Or the other way round: discrediting others whilst not playing to the rules yourself. At greeting the Helmholtz Gesellschaft, former Education Minister Annette Schavan mocked the financial industries for crediting staff with easily granting them the title „Director“. Her own doctorate title was apparently achieved too easy as well. She committed plagiarism, thus being forced to resign as minister. This did not stop the government to credit her with an ambassadors role to the Vatican. A question of believing?
Rightly Chancellor Angela Merkel has been credited for inviting prominent pioneers of the IC community to thoughtful round tables. (2) In case of her doctoral degree of honour by Stanford University the credit given was a bit strange. The eulogy praised her pushing for equal rights for LGBT couples and for introducing minimum wage – both political measures she was opposed to (3). Ignorance of the donors.
“Ghosts”: Credited and Uncredited
What causes those controversies over intellectual credit in the first place? What conception of mental and cognitive processes are at its root? When books of candidates for Germany‘s federal election were accused of using plagiarism, Claudia Cornelsen, who wrote more than 60 books as ghostwriter, challenged some central assumption (FR 10.07.2021, pg. 15). She reminds us that in all our writing we rely on sources of intellectual developments owned to the culture we grew up with. If every thought would be traced to its origin we would have never-ending chains of credits to make, leaving no time for own thought. Therefore for many plagiarism was considered „normal“ and not associated with „uncredit“ or even „discredit“. She refers to prominent examples: Hitchcock in films, Thomas Mann in his belletristic, Kandinsky in his paintings – all committed numerous plagiarism „offences“. Patterns of recycling own work or compositions of others were common practice in music – sometimes defended as „homage“. (4)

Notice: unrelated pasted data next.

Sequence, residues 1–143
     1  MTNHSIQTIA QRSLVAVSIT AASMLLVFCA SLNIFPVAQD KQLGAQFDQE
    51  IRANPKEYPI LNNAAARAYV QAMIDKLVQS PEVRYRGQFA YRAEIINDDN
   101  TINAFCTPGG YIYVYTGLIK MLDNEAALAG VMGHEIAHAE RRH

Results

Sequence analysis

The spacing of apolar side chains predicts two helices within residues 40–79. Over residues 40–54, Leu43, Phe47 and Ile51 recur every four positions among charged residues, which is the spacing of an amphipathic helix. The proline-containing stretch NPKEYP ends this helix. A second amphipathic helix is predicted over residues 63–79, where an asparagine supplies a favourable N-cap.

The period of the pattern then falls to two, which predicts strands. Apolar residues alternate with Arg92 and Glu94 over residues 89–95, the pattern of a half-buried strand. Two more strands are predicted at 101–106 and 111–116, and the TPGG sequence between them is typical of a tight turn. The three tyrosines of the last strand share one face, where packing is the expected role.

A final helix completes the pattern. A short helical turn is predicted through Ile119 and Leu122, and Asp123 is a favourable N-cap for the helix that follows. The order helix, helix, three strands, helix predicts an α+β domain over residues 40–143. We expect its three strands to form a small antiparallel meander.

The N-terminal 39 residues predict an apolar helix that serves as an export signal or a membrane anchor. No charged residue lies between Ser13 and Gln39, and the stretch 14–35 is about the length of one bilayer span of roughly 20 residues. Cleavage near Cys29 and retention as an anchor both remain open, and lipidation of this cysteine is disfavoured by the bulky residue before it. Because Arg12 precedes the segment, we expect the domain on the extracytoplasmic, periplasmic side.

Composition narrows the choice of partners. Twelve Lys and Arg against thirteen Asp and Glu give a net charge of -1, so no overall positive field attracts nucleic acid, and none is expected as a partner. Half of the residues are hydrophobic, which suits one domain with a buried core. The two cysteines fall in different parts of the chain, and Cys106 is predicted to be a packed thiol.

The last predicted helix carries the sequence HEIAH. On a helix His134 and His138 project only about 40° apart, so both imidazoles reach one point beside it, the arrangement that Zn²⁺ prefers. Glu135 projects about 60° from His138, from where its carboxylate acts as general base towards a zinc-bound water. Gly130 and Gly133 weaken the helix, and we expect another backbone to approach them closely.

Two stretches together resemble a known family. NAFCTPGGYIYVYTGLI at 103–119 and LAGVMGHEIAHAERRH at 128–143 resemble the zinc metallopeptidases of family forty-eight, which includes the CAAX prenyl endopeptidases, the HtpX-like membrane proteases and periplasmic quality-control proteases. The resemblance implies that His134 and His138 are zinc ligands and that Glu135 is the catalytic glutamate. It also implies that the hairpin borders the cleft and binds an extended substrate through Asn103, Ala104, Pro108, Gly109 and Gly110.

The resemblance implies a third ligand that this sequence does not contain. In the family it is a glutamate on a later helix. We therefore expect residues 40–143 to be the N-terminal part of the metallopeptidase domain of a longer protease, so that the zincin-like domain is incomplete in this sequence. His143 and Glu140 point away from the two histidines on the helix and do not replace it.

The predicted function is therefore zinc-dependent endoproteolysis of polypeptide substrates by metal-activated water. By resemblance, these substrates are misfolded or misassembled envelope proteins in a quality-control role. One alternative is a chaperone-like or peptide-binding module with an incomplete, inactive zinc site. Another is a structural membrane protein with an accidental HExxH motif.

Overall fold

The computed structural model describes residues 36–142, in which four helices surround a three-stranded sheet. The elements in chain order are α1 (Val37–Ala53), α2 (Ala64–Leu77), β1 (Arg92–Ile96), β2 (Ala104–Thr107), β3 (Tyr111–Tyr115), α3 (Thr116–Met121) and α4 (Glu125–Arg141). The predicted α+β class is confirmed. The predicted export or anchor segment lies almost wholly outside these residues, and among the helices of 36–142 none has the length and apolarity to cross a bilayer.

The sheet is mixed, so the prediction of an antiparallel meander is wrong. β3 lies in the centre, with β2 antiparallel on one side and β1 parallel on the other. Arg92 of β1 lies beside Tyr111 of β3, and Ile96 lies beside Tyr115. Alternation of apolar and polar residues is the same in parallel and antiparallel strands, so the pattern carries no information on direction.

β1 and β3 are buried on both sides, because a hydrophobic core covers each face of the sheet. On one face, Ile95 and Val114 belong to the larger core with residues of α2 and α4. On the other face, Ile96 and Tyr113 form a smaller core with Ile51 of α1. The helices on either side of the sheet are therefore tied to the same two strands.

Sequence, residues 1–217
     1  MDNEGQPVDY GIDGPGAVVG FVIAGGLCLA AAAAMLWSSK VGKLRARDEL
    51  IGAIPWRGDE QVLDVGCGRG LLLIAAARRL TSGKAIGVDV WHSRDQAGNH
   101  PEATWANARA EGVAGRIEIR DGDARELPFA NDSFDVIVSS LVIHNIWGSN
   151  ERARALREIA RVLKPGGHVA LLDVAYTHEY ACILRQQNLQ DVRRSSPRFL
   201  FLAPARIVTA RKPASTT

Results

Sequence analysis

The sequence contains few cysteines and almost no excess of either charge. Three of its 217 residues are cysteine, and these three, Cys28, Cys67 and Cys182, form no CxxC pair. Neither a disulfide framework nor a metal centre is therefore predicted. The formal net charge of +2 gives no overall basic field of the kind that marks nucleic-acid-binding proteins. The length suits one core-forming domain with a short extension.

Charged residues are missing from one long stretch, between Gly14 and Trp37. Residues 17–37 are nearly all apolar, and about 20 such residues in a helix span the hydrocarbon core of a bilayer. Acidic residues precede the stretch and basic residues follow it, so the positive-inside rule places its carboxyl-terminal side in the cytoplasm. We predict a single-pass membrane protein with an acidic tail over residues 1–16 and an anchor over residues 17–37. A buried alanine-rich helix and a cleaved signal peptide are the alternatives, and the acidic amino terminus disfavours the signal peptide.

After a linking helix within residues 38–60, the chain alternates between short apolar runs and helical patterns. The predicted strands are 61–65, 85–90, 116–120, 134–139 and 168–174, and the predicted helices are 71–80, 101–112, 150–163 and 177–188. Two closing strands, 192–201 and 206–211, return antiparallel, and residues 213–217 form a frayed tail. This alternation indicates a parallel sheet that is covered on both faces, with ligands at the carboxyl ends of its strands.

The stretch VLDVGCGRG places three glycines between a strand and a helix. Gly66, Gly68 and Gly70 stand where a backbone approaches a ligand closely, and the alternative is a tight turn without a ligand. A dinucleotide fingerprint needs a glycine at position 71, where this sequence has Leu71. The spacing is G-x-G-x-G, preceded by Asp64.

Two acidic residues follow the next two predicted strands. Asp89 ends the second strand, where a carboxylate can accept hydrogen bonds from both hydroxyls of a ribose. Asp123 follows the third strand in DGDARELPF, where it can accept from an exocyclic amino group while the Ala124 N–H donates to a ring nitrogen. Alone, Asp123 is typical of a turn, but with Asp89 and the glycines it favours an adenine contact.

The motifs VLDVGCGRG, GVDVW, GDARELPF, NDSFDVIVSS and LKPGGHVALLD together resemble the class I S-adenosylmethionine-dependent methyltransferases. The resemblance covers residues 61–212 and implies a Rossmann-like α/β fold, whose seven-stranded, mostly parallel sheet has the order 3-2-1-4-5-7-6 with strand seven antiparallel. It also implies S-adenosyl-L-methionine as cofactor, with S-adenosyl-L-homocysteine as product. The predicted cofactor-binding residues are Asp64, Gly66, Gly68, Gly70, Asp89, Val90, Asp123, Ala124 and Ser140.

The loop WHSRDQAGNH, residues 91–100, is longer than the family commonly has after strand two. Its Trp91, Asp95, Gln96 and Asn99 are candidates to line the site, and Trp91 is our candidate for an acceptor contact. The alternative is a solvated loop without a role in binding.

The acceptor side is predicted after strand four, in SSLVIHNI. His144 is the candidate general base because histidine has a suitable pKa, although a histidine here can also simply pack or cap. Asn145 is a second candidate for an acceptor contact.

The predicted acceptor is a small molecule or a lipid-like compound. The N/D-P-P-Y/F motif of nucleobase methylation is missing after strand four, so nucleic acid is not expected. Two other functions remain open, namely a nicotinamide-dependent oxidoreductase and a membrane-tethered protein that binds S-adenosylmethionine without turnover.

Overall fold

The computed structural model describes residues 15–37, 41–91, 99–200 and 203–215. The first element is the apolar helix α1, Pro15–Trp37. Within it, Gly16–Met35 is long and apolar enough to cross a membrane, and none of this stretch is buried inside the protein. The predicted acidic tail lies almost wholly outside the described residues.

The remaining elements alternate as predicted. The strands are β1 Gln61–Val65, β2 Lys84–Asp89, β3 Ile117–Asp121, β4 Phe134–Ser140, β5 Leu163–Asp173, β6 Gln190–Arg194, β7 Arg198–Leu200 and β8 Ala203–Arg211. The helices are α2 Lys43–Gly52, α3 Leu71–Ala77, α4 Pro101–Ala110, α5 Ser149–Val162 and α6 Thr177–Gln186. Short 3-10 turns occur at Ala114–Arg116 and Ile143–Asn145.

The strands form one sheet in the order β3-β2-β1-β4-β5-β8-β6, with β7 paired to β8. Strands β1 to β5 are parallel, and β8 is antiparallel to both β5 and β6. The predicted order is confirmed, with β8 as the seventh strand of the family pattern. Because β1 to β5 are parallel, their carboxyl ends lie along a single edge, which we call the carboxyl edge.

Society, hopefully, defines criteria for IPR, a delicate distinction between „own“ thought and common knowledge is needed. Nevertheless much of knowledge is commonly generated but privately monetized. In ICM/KM car producer Ford once offered a copy-cat-award and the first Knowledge Manager of the Year, Utz Claassen, famously propagated: sharing knowledge is power, keeping it to yourself is mobbing. That undermines the „normal“ credit system. We need to honour that standing on others shoulders gives a favourable outlook and share with delight. Might Creative Commons be such a systems-platform, beyond restricting IPR?